Why America Keeps Losing Wars is a good subject but a pretty silly article. You may disagree; see what you think. Seems to me, America has lost every war it’s involved itself in since WWII.
The Korean war is still going on, technically speaking, no peace has ever been signed. And North Korea still sits there with nukes and troops poised at its border. Vietnam ended with people fighting to get onto U.S. helicopters retreating from North Vietnamese troops. Yean, we kicked Saddam out of Kuwait at enormous expense but had to turn around and return shortly afterward, with the result that Iraq is now supporting the Syrian dictator held up by Russia and China and buying its arms from Russia. And if anyone can find any gains from Afghanistan, please provide a list. The cost and dead people have already been listed.
Author Gladwell seems to think we lose because we fight underdogs all the time. He says underdogs have advantages America lacks and that’s why we lose when we tackle these smaller, allegedly weaker places. Right; that’s why every general since prehistory has always wanted to have more troops than his opponent. In boxing, they say that a so-so big guy doesn’t always beat a good little guy…but, that’s the way to bet. Mr. Gladwell needs to read some military history or visit a few wars, something his writing suggests hasn’t yet reached the top of his ‘to do’ list.
There is one very simple, very clear reason we lose all our wars these days and Gladwell hasn’t a clue: We aren’t trying to win them. That’s inarguable, really; we didn’t have to back off in Korea and hand the North to China. We certainly didn’t have to hand South Korea to the North after refraining from taking the fighting to those causing it. We simply didn’t care to win. In Iraq and Afghanistan, how does one even define ‘winning’?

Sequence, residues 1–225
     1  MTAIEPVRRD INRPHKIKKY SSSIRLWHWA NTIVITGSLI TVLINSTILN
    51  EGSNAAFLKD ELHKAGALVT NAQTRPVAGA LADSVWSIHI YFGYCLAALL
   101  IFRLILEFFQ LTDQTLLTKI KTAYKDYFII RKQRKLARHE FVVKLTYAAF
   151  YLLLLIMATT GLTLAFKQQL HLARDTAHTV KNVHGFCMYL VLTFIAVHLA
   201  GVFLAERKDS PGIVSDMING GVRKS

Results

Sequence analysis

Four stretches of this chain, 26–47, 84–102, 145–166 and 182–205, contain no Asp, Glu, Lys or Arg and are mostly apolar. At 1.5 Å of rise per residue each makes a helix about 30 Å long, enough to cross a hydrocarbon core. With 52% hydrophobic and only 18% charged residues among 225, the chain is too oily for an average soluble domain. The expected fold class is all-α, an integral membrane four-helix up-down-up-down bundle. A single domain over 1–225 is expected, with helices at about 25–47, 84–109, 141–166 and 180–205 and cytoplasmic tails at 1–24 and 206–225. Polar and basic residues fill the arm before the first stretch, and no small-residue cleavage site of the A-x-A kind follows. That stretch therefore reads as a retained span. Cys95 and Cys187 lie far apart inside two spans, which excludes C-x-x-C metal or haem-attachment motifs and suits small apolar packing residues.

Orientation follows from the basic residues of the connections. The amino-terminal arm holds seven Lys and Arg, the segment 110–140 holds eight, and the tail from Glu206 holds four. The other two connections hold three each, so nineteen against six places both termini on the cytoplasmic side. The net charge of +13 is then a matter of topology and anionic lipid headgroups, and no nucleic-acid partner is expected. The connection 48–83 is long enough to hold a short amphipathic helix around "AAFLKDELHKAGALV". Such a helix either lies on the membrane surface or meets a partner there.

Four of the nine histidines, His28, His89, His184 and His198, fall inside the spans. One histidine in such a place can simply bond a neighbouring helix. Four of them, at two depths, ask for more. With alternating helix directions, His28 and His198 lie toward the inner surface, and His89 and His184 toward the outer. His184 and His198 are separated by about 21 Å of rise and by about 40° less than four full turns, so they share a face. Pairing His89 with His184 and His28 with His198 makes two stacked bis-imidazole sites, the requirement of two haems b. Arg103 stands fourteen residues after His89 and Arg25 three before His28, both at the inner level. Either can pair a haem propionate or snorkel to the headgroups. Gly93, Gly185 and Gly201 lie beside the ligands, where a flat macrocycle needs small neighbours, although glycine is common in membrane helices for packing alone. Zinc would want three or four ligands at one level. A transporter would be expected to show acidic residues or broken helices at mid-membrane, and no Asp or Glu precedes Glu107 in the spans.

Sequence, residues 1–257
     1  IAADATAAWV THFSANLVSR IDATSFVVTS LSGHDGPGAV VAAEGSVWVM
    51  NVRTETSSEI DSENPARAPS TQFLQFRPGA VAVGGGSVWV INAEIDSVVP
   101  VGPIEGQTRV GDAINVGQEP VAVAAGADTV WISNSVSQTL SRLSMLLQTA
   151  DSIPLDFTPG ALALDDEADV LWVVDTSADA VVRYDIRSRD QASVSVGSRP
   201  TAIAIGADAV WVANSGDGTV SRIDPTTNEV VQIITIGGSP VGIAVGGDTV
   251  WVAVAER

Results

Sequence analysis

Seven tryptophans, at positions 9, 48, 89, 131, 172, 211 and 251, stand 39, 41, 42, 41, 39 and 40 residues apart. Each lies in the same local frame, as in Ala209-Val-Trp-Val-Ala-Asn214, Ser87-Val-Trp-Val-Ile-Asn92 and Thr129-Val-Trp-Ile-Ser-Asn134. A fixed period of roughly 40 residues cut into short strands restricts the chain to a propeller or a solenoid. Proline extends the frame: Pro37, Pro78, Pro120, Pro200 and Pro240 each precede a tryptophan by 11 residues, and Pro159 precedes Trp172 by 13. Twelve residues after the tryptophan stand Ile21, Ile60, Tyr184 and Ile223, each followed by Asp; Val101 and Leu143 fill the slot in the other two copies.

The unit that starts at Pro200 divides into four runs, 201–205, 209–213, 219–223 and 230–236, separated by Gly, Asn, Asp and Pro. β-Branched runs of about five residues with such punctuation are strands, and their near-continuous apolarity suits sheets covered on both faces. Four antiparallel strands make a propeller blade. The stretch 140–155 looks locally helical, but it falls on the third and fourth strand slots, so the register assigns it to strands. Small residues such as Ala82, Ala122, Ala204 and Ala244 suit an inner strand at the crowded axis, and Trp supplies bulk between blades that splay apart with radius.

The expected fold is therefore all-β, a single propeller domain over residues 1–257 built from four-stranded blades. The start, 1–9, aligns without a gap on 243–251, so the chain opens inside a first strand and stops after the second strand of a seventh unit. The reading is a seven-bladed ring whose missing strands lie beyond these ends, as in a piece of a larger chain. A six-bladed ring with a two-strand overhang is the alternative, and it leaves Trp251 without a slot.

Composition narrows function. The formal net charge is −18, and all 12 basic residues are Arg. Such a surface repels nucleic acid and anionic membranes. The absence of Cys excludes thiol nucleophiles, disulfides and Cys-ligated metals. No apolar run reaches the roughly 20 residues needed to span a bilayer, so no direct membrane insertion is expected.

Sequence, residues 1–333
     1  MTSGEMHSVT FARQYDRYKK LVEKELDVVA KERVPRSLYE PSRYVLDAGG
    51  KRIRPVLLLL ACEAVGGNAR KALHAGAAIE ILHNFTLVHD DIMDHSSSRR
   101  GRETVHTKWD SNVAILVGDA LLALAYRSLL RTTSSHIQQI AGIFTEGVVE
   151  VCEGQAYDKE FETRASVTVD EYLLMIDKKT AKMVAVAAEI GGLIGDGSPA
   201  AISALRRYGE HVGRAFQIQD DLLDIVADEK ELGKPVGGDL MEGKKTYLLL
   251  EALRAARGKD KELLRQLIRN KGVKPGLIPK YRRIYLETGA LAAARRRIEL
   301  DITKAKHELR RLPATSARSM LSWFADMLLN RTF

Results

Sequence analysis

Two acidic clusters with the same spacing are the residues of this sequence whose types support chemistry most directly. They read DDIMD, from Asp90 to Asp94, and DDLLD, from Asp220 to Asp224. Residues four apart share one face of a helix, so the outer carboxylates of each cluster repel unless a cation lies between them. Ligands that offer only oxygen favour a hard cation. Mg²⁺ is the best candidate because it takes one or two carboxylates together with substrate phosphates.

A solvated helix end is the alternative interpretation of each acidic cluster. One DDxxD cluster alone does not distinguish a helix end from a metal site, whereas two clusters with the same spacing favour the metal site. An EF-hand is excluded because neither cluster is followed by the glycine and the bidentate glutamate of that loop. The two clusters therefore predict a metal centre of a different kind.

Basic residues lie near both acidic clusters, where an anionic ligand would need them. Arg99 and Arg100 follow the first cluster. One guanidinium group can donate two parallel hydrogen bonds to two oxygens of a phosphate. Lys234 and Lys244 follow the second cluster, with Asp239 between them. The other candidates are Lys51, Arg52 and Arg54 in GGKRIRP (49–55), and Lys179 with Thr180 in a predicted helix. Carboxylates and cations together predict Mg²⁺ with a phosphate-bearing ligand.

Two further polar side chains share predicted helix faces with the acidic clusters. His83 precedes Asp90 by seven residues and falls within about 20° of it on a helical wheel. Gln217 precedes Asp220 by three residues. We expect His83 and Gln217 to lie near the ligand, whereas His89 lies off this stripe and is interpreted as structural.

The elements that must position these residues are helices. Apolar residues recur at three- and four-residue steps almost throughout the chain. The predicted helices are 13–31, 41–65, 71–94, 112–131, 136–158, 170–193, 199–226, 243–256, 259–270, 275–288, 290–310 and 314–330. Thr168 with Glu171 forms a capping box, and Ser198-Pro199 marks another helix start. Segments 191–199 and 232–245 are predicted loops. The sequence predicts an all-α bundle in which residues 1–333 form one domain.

With Korea, the U.S. has sent its military in to fight commanded by the politicians, with the generals hogtied by red tape and political oversight. In Vietnam, we didn’t dare bomb north of the Yalu river, which is where the enemy troops came from and were supported. In Afghanistan, we’ve not let our troops shoot back or defend themselves if any civilians are in danger; the Taliban like to do their shooting from among civilians as a result. Used to be, a politician couldn’t get to a general in the field and micromanage him so we won wars by killing people and blowing up stuff, which is what wars are about, historically. But cell phones, YouTube and the internet have put all that out in public and politicians flinch from it, leaving the advantage Mr. Gladwell hasn’t emphasized, to the enemy.
So America loses wars at great expense in lives and treasure but goes on pursuing them. Why? President Eisenhower’s farewell address contained some hints; he warned of the ‘military-industrial’ complex and its growing influence. Wars involve a lot of money, right? And the longer they last or the more of them there are, the more money. A lot of which goes to campaign contributions for both parties. No argument, that’s fact. How important it is to the subject, I leave to you.
But seems to me, if you’re going to war, you plan to do everything it takes to win your goal. If you’re not prepared for that, don’t go to war; it’s too costly, bad for morale and worst of all, clearly immoral. Remember morality? America used to make a lot of noise about it. Back when any time America went to war, the enemy knew we’d be fighting to win.
When you tell your troops in Afghanistan they can’t have bullets for their guns unless they’re on duty, you get of course, dead troops and bad attitudes. Pretty soon, you have a second rate military; it becomes as corrupt as the politicians who set standards for it. Ask a Roman centurion… if you speak archaic German.
We’ve been increasingly using our military for political gestures, prostituting it. Much more of that, and we may find some day that when a stand-up military is needed, all that’s left is whores.